Packaging Corporation of America Announces Agreement to Acquire Sacramento Container Corporation

22 August 2017

Packaging Corporation of America announced that it has entered into a definitive agreement to acquire substantially all of the assets of Sacramento Container Corporation, and 100% of the membership interests of Northern Sheets, LLC and Central California Sheets, LLC in a cash-free, debt-free transaction for a cash purchase price of $265 million. The Company has also announced that it will discontinue production of uncoated freesheet (UFS) and coated one-side (C1S) grades at its Wallula, Washington mill in the second quarter of 2018 to begin the conversion of its 200,000 ton-per-year No. 3 paper machine to a 400,000 ton-per-year high-performance 100% virgin kraft linerboard machine.

The acquisition transaction is structured as a purchase of assets resulting in a full step-up of the assets to fair market value. Under the terms of the agreement, PCA will acquire full-line corrugated products and sheet feeder operations in McClellan, California and Kingsburg, California.

The value of the expected synergies, the tax benefit of the step-up of assets and the operations’ EBITDA result in a purchase price multiple of approximately five times EBITDA. The acquisition will be accretive to earnings immediately.

PCA Executive Vice President Tom Hassfurther said, “The acquisition of these well-capitalized facilities will further enhance our operations both geographically and strategically. Also, the customer-focused employees and strong management teams of Sacramento Container, Northern Sheets and Central California Sheets will be an excellent fit with PCA’s culture. This group has built a successful business based on providing outstanding quality and service to a wide array of customers located in the northern and central regions of California.”

Closing is subject to certain customary conditions and regulatory approval and is expected early in the fourth quarter of 2017. The company plans to finance the transaction with available cash on hand.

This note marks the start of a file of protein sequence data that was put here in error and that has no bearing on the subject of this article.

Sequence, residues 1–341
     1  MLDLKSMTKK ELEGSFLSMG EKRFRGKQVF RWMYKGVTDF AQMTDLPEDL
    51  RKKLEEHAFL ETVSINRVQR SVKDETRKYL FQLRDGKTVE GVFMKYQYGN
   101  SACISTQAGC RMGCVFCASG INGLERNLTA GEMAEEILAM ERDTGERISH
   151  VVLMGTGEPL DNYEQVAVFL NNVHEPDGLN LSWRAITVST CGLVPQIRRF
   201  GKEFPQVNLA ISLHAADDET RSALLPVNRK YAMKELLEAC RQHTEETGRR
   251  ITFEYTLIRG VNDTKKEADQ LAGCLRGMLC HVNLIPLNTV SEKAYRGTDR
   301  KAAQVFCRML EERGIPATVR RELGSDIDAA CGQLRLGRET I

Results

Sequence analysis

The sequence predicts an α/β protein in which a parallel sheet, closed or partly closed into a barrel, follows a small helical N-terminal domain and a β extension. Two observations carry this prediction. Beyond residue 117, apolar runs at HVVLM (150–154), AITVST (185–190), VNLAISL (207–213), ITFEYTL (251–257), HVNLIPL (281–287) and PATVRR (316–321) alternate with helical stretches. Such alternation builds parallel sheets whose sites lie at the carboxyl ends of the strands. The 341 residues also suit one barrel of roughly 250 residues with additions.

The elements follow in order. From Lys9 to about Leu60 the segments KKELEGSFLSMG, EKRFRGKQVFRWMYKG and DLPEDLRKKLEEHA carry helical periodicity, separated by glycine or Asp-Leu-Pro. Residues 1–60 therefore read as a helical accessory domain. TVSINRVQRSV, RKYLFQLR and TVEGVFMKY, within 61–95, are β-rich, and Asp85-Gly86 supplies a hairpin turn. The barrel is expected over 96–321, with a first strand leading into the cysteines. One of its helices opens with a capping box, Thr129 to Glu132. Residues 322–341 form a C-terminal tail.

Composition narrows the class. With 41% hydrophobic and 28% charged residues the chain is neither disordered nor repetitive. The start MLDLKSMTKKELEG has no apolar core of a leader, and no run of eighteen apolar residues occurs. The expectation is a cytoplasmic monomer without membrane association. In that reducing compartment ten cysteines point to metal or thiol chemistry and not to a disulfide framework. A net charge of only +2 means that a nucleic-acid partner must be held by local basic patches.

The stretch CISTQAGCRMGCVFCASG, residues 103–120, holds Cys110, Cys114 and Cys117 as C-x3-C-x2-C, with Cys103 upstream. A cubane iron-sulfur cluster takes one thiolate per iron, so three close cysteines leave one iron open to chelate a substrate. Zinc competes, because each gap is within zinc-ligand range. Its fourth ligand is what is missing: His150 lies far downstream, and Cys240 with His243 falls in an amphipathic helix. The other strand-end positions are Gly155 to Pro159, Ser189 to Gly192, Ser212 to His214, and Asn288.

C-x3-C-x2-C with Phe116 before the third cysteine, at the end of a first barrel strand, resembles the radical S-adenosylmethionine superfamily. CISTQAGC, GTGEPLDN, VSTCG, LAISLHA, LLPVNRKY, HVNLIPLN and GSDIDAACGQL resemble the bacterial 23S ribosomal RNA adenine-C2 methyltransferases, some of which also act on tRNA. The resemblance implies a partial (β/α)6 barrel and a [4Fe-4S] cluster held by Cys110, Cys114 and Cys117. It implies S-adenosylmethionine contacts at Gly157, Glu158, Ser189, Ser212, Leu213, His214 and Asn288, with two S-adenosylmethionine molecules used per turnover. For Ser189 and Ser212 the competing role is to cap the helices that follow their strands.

The conversion of the No. 3 paper machine at the Wallula Mill is planned for the second quarter of 2018 with an initial production rate of approximately 60 percent of capacity. Ultimately, production will increase to 1,150 tons per day once a new headbox, forming section, and shoe press are added in the fourth quarter of 2018. The capital cost of the conversion is expected to be approximately $150 million. Discontinuing paper operations at the Wallula Mill will result in pre-tax cash severance and other shutdown charges of approximately $20 - 25 million and approximately $45 - 55 million of pre-tax noncash asset impairment and accelerated depreciation charges. Charges of $25 - $35 million are expected to be recorded in the third quarter of 2017. The Mill’s No. 2 paper machine will continue to produce 150,000 tons-per-year of semi-chemical medium.

PCA Chairman and CEO Mark Kowlzan said, “Our strategy is to improve the overall profitability of the paper business for PCA by focusing our people and investments on increasing our competitiveness and ensuring a sustainable future in the office and printing & converting markets with our mills in International Falls, MN and Jackson, AL. In addition, at our current containerboard integration rate of 95%, the low-cost conversion of the No. 3 paper machine at our Wallula Mill provides us with much needed linerboard capacity, allows us to integrate over 200,000 tons of containerboard to our Sacramento Container acquisition, and enables further optimization and enhancement of our current mill capacity and box plant operations. The conversion will significantly enhance the mill’s profitability and viability.”

Paul LeBlanc, Vice President – Paper, added, “We will work closely with our customers to ensure a smooth transition as we wind down production of the current grades we make on our No. 3 paper machine at Wallula. Throughout this transition, all customers will continue to receive the high quality products and service they are accustomed to.”